The views and opinions expressed in this blog are mine personally, and are not necessarily representative of Texas Health Resources or its subsidiaries.
Accelerating Healthcare IT Adoption
By Ed Marx
To Teach, To Heal, To Discover—Six words that captured the essence of the mission of the academic medical health system where I served as CIO. Along with our affiliate Case, we consistently ranked in the top 10 of NIH grant awardees. We had the infrastructure, bench, and leadership to move quickly on opportunities and maximize value. Non-academic centers attempting to secure grant funding faced incredible odds against giants like us. We grew at their expense. Grant-funded organizations are well-oiled machines.
Today, I serve in a largely non-academic, community hospital based environment, but our vision is equally compelling. As ARRA/HITECH releases numerous incentives and billions in grants, academic centers are best prepared to apply for and secure those dollars. They have the infrastructure, primary investigators, and experience that granting organizations look for. But are they the venue best for accelerating innovation? I’d argue that community hospitals are the “new” best venue for taking ideas from bench to bedside.
Community hospitals don’t have costly infrastructure, professional staff overhead (whose sole focus is securing grants and conducting research), nor the incentive to keep applying for grants. Rather, community hospitals operate on the frontlines. They can accelerate the pace of change by bringing forth products based in the reality of where the majority of care is delivered—the non-academic settings. Am I saying that great contributions from academia are futile? Never! But, it is time to purposely expand grant opportunities to include community hospitals.
Shortcomings in the community hospital model are easily overcome by forming collaboratives with other members of the healthcare community. For instance, in our market, we have created joint applications with area universities, vendors, and governments. Where we are weak, our partners are strong, and vice versa. Our broad-based applications include multiple stakeholders. Grants pursued will lead to a practical application of technology that can be adopted universally, not just in one particular institution.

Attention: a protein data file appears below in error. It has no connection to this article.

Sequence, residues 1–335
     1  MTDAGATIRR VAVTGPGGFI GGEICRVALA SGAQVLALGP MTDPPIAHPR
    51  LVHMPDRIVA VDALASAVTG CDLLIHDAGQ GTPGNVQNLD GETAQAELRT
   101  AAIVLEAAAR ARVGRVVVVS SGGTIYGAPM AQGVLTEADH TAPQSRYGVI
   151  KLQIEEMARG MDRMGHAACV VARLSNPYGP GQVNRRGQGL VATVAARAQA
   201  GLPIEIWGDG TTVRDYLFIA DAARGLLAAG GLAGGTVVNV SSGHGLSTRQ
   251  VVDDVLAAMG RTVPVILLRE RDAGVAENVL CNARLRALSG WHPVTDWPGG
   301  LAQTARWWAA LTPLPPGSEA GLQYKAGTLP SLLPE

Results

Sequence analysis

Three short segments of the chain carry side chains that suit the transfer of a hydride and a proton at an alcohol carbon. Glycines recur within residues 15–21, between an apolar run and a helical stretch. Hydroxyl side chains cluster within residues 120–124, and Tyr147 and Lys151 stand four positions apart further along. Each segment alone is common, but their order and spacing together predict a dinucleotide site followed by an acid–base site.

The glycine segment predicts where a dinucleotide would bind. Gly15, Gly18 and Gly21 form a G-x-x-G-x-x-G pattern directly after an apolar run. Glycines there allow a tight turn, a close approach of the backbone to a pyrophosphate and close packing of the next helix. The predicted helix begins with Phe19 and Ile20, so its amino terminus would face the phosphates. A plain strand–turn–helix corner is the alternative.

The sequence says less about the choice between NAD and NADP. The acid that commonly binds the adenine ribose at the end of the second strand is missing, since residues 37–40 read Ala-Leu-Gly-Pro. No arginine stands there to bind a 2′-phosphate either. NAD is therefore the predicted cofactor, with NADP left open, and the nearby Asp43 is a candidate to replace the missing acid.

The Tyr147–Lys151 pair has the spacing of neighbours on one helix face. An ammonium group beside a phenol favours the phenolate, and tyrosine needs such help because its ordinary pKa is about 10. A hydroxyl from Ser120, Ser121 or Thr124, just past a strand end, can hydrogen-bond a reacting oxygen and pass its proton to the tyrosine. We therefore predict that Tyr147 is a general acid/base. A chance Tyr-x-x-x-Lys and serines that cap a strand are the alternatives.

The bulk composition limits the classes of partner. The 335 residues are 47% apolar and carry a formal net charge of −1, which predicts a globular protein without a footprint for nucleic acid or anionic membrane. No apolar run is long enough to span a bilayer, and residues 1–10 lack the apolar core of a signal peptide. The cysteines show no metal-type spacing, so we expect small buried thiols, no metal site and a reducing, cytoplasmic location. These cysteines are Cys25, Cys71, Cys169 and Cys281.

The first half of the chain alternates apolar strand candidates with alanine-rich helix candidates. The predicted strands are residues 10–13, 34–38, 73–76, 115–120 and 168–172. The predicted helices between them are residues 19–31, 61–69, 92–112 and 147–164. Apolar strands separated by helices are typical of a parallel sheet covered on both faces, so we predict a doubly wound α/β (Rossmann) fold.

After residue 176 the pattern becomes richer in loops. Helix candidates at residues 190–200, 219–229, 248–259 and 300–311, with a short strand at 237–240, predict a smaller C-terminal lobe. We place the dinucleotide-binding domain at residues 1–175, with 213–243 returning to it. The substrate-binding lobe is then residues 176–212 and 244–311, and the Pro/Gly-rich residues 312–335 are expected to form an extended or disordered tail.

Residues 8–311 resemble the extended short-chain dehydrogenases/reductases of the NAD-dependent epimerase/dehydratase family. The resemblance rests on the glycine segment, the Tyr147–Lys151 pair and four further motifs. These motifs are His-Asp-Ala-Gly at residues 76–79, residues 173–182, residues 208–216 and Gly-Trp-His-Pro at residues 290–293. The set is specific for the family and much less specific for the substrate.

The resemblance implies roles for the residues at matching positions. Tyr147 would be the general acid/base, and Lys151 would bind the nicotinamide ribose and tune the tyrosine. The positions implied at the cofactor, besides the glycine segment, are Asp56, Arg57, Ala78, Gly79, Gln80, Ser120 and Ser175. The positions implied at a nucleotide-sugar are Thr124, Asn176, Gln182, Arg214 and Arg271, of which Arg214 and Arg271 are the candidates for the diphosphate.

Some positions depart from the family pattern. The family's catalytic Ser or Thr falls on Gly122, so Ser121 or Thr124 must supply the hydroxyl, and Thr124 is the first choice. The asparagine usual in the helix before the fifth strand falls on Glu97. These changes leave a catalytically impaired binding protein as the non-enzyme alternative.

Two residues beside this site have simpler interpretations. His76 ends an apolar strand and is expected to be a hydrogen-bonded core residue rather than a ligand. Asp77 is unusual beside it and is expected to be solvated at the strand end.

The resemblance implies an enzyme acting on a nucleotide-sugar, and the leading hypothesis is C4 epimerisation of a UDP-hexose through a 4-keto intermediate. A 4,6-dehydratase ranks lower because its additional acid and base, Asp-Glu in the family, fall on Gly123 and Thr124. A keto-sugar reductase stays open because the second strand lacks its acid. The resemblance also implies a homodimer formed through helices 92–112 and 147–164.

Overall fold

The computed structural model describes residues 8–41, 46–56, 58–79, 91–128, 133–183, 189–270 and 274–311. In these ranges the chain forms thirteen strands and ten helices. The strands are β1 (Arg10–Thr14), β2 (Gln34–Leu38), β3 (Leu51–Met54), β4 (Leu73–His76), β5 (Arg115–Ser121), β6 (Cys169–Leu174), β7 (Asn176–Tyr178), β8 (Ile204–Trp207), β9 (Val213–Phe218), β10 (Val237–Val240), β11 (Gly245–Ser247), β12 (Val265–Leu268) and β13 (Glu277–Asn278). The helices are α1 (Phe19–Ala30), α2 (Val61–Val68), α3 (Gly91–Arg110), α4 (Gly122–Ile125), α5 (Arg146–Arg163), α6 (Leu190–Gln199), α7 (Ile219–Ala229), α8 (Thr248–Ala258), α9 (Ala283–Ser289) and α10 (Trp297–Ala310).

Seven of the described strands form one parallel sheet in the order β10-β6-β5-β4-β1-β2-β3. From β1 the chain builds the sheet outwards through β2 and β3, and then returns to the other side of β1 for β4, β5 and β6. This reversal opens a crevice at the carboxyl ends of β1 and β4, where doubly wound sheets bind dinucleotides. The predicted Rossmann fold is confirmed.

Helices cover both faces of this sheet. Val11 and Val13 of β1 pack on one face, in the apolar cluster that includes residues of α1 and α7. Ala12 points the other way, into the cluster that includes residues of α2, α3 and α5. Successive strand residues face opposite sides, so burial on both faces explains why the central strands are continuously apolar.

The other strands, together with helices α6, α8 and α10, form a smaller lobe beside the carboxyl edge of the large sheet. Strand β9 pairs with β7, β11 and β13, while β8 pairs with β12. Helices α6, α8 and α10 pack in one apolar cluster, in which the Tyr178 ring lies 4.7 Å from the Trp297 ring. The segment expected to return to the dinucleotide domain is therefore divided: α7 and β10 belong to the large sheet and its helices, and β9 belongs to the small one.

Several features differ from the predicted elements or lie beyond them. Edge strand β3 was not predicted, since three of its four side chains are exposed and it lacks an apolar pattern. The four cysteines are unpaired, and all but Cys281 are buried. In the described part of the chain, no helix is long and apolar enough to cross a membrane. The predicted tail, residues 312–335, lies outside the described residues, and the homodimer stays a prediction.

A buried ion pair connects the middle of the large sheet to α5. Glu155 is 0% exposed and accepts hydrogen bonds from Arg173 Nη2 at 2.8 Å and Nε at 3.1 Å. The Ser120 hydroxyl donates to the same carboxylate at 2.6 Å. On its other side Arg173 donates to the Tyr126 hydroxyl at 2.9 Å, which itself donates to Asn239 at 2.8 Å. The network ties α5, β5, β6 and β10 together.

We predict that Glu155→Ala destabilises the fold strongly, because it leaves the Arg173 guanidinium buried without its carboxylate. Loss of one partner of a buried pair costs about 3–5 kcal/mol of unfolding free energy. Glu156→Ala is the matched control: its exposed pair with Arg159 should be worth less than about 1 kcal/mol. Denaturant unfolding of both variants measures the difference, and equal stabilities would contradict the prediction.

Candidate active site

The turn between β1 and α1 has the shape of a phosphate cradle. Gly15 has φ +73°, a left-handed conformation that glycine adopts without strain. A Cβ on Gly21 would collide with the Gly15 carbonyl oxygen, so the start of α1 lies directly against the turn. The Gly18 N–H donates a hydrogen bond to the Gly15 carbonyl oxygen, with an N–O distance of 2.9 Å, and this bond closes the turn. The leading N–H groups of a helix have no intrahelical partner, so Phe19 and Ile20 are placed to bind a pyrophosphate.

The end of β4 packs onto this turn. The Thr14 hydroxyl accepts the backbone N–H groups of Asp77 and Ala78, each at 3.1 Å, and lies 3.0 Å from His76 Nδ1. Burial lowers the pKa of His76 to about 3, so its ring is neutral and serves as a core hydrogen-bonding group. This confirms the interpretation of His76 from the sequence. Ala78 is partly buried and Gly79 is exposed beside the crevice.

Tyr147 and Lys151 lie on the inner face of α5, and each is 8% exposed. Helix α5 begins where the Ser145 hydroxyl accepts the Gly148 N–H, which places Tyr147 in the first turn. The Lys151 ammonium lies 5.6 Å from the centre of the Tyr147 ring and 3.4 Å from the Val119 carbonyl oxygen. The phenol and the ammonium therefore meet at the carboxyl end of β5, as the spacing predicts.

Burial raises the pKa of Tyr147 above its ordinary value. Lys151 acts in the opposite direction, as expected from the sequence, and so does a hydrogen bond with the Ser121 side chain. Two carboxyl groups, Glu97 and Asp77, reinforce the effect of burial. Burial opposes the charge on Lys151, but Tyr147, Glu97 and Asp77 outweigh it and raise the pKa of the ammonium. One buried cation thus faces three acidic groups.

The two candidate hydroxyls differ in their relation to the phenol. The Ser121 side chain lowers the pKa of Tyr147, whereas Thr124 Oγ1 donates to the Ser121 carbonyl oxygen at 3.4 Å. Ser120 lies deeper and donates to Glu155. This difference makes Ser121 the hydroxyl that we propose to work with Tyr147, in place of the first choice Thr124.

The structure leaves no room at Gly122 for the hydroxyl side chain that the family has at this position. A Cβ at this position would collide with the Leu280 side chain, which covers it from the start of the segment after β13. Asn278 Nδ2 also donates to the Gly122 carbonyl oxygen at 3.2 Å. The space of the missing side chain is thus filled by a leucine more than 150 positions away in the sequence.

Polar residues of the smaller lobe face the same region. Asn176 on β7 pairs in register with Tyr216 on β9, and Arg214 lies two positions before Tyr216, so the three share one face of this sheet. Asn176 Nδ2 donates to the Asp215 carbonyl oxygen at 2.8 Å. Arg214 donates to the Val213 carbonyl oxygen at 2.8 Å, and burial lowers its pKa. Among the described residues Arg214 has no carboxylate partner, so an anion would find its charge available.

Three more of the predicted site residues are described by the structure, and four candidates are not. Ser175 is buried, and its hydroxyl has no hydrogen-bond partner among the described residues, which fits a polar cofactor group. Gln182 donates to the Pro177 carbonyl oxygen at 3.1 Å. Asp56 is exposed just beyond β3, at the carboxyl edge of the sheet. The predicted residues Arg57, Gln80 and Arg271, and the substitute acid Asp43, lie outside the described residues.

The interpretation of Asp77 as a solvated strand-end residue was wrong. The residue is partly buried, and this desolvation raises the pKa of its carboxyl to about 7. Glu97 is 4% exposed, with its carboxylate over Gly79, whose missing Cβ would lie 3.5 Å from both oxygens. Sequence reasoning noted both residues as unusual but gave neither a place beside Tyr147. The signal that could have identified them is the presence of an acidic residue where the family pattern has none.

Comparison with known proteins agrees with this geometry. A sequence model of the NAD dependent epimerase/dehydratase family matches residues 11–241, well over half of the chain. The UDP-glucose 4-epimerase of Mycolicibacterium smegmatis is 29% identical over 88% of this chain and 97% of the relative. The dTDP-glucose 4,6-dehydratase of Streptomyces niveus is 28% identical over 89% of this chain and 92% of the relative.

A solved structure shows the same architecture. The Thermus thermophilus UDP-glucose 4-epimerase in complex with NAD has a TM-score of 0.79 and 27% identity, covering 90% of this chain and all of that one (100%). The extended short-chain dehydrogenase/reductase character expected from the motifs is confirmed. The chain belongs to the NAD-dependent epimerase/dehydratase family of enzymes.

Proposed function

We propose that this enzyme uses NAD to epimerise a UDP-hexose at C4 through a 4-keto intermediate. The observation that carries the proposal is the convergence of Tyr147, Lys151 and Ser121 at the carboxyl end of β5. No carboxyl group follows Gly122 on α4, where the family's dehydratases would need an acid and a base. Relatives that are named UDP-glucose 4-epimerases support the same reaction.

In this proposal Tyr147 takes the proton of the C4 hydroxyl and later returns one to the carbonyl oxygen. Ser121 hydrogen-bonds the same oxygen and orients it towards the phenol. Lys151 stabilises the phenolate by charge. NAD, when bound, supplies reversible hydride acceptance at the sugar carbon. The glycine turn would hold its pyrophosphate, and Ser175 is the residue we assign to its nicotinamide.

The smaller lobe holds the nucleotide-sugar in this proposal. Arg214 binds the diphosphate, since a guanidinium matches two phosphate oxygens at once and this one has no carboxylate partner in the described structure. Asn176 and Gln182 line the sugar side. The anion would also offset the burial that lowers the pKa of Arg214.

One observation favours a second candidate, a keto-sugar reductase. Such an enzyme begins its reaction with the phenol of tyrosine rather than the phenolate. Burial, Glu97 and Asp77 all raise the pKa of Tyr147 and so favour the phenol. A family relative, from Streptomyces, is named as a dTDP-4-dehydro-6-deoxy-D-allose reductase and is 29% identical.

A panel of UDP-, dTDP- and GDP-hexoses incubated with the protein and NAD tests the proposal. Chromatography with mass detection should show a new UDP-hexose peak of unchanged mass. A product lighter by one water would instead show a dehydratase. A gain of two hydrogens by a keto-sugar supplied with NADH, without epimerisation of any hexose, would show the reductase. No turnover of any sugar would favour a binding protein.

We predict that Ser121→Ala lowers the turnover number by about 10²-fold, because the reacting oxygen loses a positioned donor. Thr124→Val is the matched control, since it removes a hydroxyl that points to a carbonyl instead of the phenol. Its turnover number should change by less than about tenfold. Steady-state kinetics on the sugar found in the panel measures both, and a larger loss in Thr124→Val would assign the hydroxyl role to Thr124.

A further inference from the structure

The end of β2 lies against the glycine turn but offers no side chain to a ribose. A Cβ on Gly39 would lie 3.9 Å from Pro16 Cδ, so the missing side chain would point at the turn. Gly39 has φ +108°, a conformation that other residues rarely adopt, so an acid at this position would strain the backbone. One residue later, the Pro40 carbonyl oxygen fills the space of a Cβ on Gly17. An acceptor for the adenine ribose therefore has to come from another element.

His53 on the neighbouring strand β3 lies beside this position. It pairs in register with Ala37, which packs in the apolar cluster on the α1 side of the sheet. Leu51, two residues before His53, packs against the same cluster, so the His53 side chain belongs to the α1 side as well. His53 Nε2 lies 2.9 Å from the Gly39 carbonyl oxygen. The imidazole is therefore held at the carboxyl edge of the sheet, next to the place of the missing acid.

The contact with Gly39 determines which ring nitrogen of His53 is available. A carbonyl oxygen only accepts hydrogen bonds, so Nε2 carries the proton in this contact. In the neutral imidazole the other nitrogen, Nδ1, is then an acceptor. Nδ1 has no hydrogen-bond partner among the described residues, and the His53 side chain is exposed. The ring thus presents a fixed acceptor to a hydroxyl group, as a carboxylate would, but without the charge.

Community hospitals are leaders in the adoption of modern HIT. At Texas Health Resources, we have surpassed many academic contemporaries in areas such as CPOE and quality outcomes. Davies and Baldrige winners are largely non-academic. HIE leadership in our area is driven by community hospital management, not academia. While “rock star” CIO’s often come from academic institutions, they largely play symbolic, albeit, important roles. Traveling, speaking, and creating vision. Whereas community hospital CIO’s are typically close to the ground dealing with the practical realities and bringing translational research leadership to bear.
Both types of organizations have an important place. As government and non-government agencies begin the arduous process of selecting grant applications, my hope is that they will understand the importance of funneling some of the dollars towards community hospitals and accelerating HIT adoption.
Ed Marx is senior vice president and CIO at Texas Health Resources in Dallas-Fort Worth, TX. Ed encourages your interaction through this blog. (Use the “add a comment” function at the bottom of each post.) You can also connect with him directly through his profile pages on social networking sites LinkedIn and Facebook, and you can follow him via Twitter – User Name “marxists.”